There was a funny sideshow to the recent Supreme Court Janus v. AFSCME decision. That decision essentially made it impossible for local or state governments to require that all employees pay support to certain public employee unions, even if they are not a member of that union and/or don’t support that union’s activities and, particularly, that union’s political speech. Progressives, many of whom feel increasingly confident to admit that they are socialists, rushed to point out that this was a death knell for these unions because of the free rider problem. If workers who benefitted from the union’s collective bargaining activities were not forced to pay, then what incentive exists for any one employee to pay the union if they still will enjoy the benefits without paying. Soon, everyone will become a free rider and the union will die.
As they say, read the whole thing. It’s only three paragraphs, and I won’t give away the punch line.
I find such things humorous. Well, I have to–because they illustrate how god-awefully fucking stupid socialists and their useful idiots on the left actually are, and if I didn’t find humor where I could, I’d be perpetually depressed.
There is a move towards “the cloud”, a proxy term for not maintaining your own servers but using a platform like those provided by Amazon to host your data and web applications on the Internet. The advantage of such an arrangement seems obvious: it frees up manpower maintaining equipment, and it allows a corporation to easily host their own data without having to physically run an (expensive) Internet trunk line into your business, or having to buy servers and ‘co-locate’ them at an Internet provider.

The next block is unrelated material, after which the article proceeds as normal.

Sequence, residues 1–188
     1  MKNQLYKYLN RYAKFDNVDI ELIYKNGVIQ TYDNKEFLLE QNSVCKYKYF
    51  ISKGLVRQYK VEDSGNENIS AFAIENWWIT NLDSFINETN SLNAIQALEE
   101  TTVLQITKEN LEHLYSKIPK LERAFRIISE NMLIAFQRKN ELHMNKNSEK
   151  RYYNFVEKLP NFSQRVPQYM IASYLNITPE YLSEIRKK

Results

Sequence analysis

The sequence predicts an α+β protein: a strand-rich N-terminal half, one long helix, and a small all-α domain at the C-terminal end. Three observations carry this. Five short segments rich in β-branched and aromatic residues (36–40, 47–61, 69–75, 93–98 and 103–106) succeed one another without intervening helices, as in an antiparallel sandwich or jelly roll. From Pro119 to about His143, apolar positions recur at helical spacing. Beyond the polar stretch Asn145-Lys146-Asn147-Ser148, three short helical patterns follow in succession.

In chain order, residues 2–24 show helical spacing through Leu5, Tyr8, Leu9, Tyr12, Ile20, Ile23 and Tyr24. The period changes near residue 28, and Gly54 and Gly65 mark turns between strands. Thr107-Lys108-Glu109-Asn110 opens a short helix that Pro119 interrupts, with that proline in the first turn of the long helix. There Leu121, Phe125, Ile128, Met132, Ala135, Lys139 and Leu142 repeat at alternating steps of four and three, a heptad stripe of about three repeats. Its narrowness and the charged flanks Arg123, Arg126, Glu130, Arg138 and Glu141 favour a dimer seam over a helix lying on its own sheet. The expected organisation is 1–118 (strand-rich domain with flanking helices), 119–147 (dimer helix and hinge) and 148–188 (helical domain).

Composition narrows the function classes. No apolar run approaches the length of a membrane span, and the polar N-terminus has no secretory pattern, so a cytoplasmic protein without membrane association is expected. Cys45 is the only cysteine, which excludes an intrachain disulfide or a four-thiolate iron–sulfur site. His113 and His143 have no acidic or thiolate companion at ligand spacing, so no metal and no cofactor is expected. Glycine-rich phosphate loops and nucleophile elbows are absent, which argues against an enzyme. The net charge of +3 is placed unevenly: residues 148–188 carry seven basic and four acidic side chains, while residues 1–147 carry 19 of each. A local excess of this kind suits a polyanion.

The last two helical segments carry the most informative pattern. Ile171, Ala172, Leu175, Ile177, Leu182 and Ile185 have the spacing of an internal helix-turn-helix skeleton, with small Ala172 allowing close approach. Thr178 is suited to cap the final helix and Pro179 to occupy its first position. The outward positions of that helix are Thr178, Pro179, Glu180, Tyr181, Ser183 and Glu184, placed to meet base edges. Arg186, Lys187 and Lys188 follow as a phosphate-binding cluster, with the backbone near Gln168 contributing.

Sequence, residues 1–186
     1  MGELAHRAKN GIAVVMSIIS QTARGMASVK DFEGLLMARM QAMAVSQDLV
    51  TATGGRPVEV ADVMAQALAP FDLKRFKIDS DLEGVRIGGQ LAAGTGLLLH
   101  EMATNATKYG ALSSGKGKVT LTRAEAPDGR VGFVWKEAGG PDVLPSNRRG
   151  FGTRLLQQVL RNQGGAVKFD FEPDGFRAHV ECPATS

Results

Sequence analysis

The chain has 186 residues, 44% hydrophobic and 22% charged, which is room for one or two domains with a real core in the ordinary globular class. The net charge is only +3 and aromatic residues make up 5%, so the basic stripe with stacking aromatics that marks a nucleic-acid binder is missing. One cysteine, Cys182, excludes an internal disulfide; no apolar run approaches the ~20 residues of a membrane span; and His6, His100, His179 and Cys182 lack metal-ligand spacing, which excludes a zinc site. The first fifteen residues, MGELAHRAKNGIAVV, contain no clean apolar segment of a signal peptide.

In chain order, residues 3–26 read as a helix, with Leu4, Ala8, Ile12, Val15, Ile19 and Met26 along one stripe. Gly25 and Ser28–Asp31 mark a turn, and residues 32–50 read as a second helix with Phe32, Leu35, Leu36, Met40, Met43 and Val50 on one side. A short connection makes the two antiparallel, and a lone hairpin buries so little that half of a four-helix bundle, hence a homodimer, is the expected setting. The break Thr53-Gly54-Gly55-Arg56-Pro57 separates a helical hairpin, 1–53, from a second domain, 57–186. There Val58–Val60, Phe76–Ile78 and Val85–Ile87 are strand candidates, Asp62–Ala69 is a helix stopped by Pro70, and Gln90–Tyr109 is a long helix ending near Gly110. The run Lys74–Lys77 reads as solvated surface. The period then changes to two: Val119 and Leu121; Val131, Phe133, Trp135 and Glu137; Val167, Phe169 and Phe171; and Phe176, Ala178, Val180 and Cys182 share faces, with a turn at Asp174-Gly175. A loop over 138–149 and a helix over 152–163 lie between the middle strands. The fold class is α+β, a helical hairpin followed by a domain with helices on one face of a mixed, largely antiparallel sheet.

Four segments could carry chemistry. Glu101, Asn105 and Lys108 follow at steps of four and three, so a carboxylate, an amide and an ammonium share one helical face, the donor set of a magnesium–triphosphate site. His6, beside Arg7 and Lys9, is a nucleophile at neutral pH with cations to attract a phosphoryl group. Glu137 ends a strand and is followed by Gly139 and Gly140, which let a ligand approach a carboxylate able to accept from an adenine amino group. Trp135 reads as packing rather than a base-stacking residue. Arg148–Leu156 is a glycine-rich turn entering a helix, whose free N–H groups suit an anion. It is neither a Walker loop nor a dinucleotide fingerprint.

But there seems to be a move afoot by employees at Amazon to kick corporations off their cloud services based on the politics of their corporate leaders:
Trust me: this won’t end well.
It won’t end well for a number of reasons:
First, corporations who believe they may be deplatformed from Amazon based on the political winds will have a strong incentive not to develop to the Amazon platform. Amazon’s web services are not easy to integrate with–and to have all that work flushed down the toilet because a handful of loud agitators demand it means there will be a lot of developers who decide perhaps they want to use an alternate technology.
And corporations need to start taking the chance they will be deplatformed–and effectively knocked off the air for weeks or months or even years as they scramble for a new solution–into their risk estimates.
Second, there are various legal considerations: corporations are required in many states (such as California) not to discriminate based on political affiliation or political activities. By discriminating against customers based on their political affiliation Amazon puts itself in the cross hairs of a number of state laws.
Third, a corporation which begins to censor against editorial content they disagree with may no longer be shielded by the DMCA’s safe-harbor provisions relating to materials posted on their system–since Amazon has demonstrated it is a publisher rather than a neutral provider of content (that is, they’re more a newspaper who controls the content of their paper than they are a telephone provider who has no ability to monitor what is said on their phone lines). This makes Amazon potentially liable for all the copyright infringement, all the libel, all the child pornography, that may be hosted on their service.